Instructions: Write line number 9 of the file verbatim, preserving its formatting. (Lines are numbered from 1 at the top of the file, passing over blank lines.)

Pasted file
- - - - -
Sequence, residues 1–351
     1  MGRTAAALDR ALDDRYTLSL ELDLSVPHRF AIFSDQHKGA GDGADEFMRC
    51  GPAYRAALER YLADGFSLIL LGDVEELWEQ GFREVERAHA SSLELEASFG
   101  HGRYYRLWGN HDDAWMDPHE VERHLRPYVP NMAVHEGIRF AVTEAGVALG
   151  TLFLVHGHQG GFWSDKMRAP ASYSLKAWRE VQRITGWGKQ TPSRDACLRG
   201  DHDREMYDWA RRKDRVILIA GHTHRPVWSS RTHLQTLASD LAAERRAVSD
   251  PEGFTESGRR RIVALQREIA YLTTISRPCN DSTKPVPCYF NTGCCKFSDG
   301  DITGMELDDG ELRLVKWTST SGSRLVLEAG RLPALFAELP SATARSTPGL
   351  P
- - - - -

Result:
   351  P